Label on chemical waste drum inaccurate, lab learns

After receiving shipment from Los Alamos, Colorado facility discovers potentially volatile acidity levels


Los Alamos National Laboratory failed more than once in recent months to accurately document the pH level of hazardous liquid shipped six hours north to a waste processing and disposal facility outside Denver, according to an email to the state Environment Department that was made public this week.

The latest incident occurred last month when the lab shipped a drum containing a chemical mixture used to remove buildup from pipes in a cooling system.

All waste from Los Alamos is required to be meticulously screened before it leaves the lab complex, with each drum identifying the types and amounts of chemicals packaged inside, the chemicals' pH levels, their potential for combustion or other reaction, their radiological contents, if any, and a slew of other measures.

But when operators in Colorado examined the drum shipped from Los Alamos on May 17, they determined the pH level was significantly lower, or more acidic, than the lab had indicated on the drum's label, meaning the contents might be different than what was identified on the label -- and potentially more volatile.

The incident, cited in an email to the Environment Department that was made public Monday, was the second time in in recent months that the lab had failed to accurately document the pH level of waste sent to Veolia ES Technical Solutions in Henderson, Colo., a Denver suburb, where hazardous waste is disposed of or recycled.

Kevin Roark, a Los Alamos lab spokesman, confirmed Tuesday that the waste's "profile was changed to a lower pH value" after it was evaluated at the disposal facility. But, he said, "The Laboratory believes the lower pH value was immaterial to the disposal process."

Still, the lab has consistently racked up violations for failing to accurately assess and document the contents of hazardous waste drums, and federal and state reports have shown that the problems are systemic.

Denisse Ike, a spokeswoman for Veolia, said she could not answer questions about the specific waste shipment or the frequency of errors in shipments from Los Alamos because the lab maintains a confidentiality and nondisclosure agreement with the company.

On Sept. 20, 2016, waste containing sodium hydroxide and ferric chloride, used to flush etching tanks at Technical Area 22, a key site for explosives testing at Los Alamos, was documented to be a strong basic solution, with a pH of less than 12.5.

But a month after the waste drum was shipped to Colorado, Veolia notified Los Alamos that the drum's pH was actually just 2.22, indicating it was strongly acidic, and that the drum's contents had not been identified as "ignitable, corrosive, and reactive."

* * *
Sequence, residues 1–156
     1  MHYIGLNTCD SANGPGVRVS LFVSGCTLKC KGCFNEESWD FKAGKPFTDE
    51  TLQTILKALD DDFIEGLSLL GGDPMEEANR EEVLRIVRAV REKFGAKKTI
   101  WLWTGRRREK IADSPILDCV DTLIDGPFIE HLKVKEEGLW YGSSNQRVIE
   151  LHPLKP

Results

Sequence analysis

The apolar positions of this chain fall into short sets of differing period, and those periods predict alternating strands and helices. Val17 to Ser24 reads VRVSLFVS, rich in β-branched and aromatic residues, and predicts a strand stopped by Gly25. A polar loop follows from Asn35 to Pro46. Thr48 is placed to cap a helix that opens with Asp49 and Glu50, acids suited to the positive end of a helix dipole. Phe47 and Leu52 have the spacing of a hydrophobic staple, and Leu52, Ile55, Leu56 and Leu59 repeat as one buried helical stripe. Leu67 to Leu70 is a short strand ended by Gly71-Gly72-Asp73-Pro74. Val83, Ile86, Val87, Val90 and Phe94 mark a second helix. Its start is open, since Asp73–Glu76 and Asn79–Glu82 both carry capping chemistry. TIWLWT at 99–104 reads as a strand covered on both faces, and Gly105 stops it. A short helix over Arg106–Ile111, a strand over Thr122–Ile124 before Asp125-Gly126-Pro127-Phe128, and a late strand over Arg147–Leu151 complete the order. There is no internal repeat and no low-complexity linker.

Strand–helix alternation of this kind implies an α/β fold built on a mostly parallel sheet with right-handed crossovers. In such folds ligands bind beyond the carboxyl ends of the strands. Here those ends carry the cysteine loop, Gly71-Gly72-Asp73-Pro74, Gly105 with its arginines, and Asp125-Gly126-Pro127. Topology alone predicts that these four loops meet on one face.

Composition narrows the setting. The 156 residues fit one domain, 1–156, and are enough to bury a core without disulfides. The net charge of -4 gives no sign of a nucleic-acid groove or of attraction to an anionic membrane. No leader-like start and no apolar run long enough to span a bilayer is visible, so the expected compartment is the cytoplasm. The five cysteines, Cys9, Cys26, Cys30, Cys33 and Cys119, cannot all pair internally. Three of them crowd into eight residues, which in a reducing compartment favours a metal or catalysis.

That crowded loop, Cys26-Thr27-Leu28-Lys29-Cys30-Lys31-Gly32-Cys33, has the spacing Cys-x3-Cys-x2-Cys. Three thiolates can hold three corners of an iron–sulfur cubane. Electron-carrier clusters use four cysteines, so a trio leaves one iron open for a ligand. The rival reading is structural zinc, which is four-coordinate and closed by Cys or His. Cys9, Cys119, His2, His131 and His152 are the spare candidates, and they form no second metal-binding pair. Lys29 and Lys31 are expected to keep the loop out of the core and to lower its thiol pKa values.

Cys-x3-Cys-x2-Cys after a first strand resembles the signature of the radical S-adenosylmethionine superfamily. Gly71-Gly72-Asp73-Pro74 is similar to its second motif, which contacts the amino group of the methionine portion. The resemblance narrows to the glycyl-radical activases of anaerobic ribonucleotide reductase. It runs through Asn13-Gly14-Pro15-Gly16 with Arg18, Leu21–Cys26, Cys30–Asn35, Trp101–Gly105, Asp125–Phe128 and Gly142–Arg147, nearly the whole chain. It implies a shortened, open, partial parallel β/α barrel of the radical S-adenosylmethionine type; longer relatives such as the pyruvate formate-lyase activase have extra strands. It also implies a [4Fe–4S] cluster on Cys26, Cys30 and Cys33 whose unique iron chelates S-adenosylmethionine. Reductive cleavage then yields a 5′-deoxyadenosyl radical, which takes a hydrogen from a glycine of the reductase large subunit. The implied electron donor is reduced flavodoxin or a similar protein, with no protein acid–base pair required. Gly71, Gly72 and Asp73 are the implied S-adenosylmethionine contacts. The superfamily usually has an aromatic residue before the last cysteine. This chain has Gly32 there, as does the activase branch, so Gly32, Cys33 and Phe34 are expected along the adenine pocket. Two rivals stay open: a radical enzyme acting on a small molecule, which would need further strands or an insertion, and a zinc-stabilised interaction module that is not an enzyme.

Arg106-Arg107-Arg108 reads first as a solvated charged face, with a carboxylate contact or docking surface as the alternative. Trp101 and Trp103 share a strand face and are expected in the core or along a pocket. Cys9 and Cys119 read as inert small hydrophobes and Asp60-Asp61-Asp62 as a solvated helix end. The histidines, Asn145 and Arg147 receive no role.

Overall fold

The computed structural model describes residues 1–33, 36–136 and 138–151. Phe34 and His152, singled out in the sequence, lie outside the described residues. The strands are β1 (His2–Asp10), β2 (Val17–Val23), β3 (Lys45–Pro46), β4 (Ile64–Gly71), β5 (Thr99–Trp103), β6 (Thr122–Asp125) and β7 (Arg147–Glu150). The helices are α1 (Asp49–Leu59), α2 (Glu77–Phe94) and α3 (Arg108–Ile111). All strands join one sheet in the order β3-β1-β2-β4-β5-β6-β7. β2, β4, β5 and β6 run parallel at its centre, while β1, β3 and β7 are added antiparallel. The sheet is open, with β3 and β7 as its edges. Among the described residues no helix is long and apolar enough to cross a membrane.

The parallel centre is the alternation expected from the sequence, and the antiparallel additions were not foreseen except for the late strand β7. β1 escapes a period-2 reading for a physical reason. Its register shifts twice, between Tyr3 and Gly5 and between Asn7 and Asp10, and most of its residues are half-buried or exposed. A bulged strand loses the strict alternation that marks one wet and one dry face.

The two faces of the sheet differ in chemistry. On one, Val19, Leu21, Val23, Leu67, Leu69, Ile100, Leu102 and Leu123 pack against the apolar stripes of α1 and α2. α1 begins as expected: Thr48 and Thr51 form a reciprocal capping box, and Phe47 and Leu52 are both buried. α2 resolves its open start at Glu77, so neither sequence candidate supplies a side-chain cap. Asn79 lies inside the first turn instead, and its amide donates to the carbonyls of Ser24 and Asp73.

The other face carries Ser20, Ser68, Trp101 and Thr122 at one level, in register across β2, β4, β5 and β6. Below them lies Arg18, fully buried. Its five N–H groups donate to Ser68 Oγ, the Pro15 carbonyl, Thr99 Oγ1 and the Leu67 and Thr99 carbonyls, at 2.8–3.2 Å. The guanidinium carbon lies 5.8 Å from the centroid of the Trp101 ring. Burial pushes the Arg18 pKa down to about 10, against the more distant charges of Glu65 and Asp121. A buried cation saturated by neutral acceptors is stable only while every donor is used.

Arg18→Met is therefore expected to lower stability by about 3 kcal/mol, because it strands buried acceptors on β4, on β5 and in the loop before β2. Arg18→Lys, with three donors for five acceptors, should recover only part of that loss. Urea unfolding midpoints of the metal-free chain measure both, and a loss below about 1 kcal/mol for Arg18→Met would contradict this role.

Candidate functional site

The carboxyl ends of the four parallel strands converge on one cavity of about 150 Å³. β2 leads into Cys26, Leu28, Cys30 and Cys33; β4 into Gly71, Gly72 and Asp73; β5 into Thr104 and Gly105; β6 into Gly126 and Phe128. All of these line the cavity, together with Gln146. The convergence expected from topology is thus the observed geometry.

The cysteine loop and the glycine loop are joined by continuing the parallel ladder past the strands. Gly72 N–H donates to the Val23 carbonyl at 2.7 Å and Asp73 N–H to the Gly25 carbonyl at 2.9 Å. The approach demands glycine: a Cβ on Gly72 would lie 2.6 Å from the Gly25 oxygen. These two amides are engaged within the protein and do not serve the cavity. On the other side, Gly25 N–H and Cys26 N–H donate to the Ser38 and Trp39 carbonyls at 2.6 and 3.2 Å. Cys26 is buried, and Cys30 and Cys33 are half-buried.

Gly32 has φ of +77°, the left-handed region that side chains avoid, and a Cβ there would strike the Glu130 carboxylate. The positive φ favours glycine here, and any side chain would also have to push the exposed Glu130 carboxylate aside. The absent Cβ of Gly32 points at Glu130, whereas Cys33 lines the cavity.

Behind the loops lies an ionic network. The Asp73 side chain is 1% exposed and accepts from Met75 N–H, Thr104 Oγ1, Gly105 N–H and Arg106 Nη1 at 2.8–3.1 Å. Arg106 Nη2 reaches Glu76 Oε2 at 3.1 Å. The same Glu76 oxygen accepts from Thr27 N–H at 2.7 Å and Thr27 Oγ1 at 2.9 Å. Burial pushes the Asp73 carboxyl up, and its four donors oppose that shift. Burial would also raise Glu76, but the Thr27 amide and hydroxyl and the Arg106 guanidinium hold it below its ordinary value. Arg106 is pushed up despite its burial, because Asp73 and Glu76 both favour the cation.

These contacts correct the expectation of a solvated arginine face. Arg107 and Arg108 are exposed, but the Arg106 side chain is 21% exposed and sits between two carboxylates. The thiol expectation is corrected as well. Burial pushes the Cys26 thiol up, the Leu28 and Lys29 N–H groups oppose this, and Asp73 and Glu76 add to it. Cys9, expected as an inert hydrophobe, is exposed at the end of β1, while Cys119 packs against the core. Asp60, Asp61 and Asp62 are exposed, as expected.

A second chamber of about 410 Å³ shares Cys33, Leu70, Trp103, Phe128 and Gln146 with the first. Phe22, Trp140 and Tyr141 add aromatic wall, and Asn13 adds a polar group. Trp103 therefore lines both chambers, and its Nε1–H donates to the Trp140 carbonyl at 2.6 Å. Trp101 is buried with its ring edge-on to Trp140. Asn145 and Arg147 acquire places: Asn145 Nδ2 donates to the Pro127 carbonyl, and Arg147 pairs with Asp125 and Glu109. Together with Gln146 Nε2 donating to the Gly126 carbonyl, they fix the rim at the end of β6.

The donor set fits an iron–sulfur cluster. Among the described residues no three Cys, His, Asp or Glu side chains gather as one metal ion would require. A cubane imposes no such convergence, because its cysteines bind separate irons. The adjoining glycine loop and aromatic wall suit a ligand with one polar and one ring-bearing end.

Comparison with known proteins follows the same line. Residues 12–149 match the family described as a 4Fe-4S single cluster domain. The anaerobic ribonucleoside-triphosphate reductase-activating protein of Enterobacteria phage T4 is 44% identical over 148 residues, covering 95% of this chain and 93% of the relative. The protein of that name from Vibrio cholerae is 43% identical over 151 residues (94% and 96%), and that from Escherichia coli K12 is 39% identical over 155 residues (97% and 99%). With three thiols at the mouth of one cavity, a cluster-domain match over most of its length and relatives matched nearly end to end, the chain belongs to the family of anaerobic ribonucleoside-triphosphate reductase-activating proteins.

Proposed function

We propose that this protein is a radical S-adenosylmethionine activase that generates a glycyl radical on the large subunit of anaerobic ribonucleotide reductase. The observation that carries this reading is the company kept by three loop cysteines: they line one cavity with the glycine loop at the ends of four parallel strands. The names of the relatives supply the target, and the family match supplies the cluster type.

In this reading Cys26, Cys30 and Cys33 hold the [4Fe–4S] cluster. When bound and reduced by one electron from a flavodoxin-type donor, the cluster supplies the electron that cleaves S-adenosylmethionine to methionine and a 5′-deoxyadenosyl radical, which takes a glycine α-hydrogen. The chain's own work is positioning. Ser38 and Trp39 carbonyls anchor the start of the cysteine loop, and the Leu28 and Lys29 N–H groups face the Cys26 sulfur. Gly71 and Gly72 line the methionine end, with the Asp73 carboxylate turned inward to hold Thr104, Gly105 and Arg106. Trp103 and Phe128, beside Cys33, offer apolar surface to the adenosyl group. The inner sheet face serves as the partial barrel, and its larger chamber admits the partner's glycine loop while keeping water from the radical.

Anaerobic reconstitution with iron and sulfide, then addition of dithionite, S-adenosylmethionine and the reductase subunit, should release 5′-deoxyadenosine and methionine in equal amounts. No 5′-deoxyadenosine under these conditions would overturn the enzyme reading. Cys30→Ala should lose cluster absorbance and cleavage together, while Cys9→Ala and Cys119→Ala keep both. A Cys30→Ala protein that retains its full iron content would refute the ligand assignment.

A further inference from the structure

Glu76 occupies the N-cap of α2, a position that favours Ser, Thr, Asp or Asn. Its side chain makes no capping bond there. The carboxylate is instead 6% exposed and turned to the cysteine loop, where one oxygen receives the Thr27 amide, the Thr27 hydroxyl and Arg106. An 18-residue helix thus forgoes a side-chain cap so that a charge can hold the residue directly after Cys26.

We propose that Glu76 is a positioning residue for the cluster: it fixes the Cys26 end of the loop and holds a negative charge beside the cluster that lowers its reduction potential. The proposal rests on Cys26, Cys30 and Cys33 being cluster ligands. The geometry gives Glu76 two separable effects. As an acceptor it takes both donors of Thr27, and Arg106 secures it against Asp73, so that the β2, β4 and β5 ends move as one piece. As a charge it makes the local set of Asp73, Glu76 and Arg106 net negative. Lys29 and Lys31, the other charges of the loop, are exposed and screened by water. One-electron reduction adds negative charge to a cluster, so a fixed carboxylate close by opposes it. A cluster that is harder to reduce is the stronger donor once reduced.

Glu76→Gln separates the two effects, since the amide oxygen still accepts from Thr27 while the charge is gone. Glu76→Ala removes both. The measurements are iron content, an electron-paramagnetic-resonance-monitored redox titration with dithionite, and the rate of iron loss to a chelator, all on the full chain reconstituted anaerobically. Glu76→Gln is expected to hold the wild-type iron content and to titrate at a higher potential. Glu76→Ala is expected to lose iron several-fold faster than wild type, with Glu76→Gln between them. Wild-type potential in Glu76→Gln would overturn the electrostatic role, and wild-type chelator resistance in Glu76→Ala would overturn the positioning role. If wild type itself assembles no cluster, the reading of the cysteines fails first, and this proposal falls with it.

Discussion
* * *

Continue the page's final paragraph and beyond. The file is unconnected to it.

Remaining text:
The drum was determined to be almost entirely ferric chloride, which can react violently, become flammable and even explode when mixed with certain metals, releasing toxic and corrosive gases. It was missing proper notification of these hazards while it traveled six hours on roadways between Los Alamos and Denver and as it sat at the new facility for more than 30 days.

Los Alamos said the rest of the waste stream had been properly characterized, but this drum was "inadvertently missed" and therefore wrongly characterized, according to correspondence between the lab and the New Mexico Environment Department.

As a result of the incident, the lab told the state agency, it temporarily paused all shipments of hazardous chemical solutions at TA-22 and rescreened all liquid waste at the site, validating the pH of each drum.

The lab also said it had, as of March 6, updated its management documents to require waste to undergo more thorough pH screenings.

"LANL will hold formally documented training on the revised pH screening standard," lab officials told the state Environment Department in a letter.

Less than two months later, the lab once again failed to properly document the pH of liquid waste sent off-site.

The lab said it would evaluate "the waste characterization discrepancy," according to the email between lab officials and the state Environment Department.

Communications between the state agency and the lab reveal a pattern of mischaracterizing waste sent to the Veolia facility. On at least three separate occasions in 2014, there were issues with drums of liquid waste. One involved 100 pounds of waste that the lab had failed to identify as flammable and corrosive, a Class 3 hazard, meaning the waste is highly combustible at certain temperatures, usually over 100 degrees or 200 degrees Fahrenheit.

None of the instances at Veolia involved radioactive materials, or human or environmental contamination. But other failures in drum labeling and packaging at Los Alamos have led to serious repercussions.

In February 2014, the lab improperly packaged a drum of transuranic waste -- materials contaminated by radioactive plutonium -- causing the drum to fill with pressure and explode below ground at the Waste Isolation Pilot Plant in Carlsbad. Radiation was released into the underground storage facility and outside environment through vents, causing the waste site to close for nearly three years.

The incident not only led to pileups of radiological waste throughout the country -- including at Los Alamos -- but prompted WIPP to issue new criteria for what it would accept. At least 300 of Los Alamos' transuranic waste drums have had to be reassessed for potential combustibility before they can be shipped to WIPP.

In April, an unlabeled canister of hazardous waste caught fire at the lab's plutonium facility. Workers believed the container was safe to empty as part of a routine cleaning, but the materials ignited. One employee suffered second-degree burns and work halted at the facility for the day.

Contact Rebecca Moss at 505-986-3011 or rmoss@sfnewmexican.c­om.